Experts in the field say Johnson isn’t listening to the people who already experience the challenges of providing and finding child care. 

“What if I told you that #childcare is already staffed almost exclusively by low income mothers and that they qualify for public benefits BECAUSE they work there?,” posted Dr. Dan Wuori, Senior Director of Early Learning for the Hunt Institute, an education research organization. “This is not a policy solution. It is a self-fulfilling prophecy.”

Johnson’s idea—which would actually be illegal under state law and is similar to one he suggested in 2016—also drew immediate backlash from Democrats.

“We have a full-blown child care crisis and a record number of moms getting knocked out of the workforce. There are commonsense solutions to these problems, but Ron Johnson’s ‘imaginative’ idea would punish moms and drag us back to the 1950s,” said Democratic US Senate candidate and state Treasurer Sarah Godlewski. “I have news for this guy: We’re not going back.”

Lt. Gov. Mandela Barnes, who is running in the Democratic Senate primary alongside Godlewski, also criticized Johnson for his suggestion. 

“The pandemic has effectively set women’s participation in the workforce back a generation, and Ron Johnson’s solution to the child care crisis—on Equal Pay Day no less—is to add to their burden,” Barnes said.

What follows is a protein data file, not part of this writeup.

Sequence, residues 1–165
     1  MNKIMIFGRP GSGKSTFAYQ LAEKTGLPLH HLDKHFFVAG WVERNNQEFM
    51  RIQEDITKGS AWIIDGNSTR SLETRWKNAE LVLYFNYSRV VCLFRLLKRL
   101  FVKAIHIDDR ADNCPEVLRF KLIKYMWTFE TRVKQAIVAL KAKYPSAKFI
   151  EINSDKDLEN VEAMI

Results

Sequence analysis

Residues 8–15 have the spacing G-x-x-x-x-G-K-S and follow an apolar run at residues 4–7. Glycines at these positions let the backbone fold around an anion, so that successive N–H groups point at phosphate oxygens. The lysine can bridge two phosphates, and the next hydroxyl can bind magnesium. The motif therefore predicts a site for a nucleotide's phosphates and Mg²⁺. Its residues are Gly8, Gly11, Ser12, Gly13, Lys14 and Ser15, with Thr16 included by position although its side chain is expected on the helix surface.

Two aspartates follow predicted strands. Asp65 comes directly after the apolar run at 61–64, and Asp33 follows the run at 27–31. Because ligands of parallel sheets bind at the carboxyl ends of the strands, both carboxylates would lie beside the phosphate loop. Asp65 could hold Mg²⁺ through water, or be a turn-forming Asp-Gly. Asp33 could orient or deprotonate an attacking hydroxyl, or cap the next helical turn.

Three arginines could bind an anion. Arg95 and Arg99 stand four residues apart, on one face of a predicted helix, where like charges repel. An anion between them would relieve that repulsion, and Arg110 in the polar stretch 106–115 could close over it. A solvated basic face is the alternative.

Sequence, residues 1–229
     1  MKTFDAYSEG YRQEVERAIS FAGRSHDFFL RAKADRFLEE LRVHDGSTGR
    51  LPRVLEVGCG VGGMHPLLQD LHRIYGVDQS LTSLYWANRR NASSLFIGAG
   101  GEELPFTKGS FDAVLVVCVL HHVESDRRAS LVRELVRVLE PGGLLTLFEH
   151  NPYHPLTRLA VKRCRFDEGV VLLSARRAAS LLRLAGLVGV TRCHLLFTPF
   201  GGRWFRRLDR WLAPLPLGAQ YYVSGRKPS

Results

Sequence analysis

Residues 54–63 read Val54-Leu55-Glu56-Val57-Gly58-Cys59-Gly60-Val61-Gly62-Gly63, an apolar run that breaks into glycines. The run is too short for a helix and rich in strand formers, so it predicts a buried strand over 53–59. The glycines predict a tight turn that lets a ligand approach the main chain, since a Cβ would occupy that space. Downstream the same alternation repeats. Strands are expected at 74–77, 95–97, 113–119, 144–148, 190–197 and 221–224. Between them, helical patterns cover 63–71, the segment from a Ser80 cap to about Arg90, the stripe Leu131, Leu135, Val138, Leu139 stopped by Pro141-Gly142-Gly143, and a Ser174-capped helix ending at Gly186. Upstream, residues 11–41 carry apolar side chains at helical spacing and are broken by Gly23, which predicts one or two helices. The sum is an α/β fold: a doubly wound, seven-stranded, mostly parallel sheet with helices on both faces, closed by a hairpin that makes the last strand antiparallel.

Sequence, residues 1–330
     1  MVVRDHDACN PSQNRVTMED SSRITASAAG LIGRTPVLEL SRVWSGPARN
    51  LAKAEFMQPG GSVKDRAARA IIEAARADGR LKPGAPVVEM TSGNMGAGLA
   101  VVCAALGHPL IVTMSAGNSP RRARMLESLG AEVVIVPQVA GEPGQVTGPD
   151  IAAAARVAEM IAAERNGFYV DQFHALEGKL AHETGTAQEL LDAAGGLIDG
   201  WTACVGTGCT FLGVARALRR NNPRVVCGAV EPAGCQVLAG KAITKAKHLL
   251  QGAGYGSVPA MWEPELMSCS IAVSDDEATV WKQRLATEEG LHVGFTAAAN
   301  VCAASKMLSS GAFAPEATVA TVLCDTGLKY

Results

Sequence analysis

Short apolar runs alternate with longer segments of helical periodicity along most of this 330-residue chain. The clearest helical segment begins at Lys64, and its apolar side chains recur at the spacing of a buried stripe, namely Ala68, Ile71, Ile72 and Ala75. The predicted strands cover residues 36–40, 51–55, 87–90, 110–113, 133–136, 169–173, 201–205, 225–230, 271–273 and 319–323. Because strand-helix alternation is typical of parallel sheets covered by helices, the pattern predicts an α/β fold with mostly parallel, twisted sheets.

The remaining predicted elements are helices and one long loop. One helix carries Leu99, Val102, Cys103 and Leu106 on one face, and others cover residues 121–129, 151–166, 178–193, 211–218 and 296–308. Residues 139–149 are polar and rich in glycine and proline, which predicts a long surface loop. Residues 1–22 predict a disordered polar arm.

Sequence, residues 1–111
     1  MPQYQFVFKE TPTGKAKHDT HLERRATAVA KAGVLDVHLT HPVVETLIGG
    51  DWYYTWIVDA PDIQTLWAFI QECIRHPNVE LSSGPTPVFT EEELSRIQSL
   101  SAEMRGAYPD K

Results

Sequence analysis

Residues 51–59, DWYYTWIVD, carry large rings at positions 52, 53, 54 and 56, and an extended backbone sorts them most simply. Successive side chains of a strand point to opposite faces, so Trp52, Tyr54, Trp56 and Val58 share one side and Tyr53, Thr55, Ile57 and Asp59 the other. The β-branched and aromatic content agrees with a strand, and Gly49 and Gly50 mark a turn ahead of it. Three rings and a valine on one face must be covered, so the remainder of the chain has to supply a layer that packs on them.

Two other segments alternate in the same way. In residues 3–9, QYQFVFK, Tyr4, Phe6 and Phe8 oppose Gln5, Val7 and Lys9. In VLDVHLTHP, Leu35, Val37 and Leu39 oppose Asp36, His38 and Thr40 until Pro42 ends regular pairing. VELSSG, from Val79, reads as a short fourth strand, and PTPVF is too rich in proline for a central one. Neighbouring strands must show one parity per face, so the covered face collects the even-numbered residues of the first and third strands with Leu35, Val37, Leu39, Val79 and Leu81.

Senate candidate and Outagamie County Executive Tom Nelson posted on Twitter: “Only billionaire son in law Ron Johnson would think child care is such an easy job anyone could do it. Mothers on public assistance shouldn’t have to shoulder the consequences of our inadequate childcare system. We need universal child care.”

A Johnson spokesperson tried to defend the Senator’s idea, telling Vanity Fair that it was Democrats and the Biden administration that were “repeatedly taking away options for hardworking families and mortgaging our children’s future” and that Biden’s “big government proposals” were not the solution. Johnson—who didn’t seem to care about big government when he used his power to give a tax cut to fellow millionaires and billionaires—“was simply suggesting looking for a better, less costly solution,” the spokesperson said. 

That explanation did little to quiet critics. 

Wisconsin State Sen. Kelda Roys put Johnson on full blast for his idea, which she described as “absolute trash.” She also pointed out how implicitly sexist Johnson’s idea is, since it implies that childcare is only the role of mothers and not fathers. 

In a follow-up tweet, Roys called Johnson a “selfish millionaire,” and argued he has no idea what it’s like to be a working parent who can’t find a safe and quality child care provider for their child. 

“I’m so sick of silver spoon GOP politicians blaming parents & low wage workers for structural problems created by decades of horrible public policy choices pushed by Republicans. Let’s just call [Ron Johnson’s] policies what they are: anti-child and anti-mother,” she added in another tweet.


  • Keya Vakil

    Keya Vakil is the deputy political editor at COURIER. He previously worked as a researcher in the film industry and dabbled in the political world.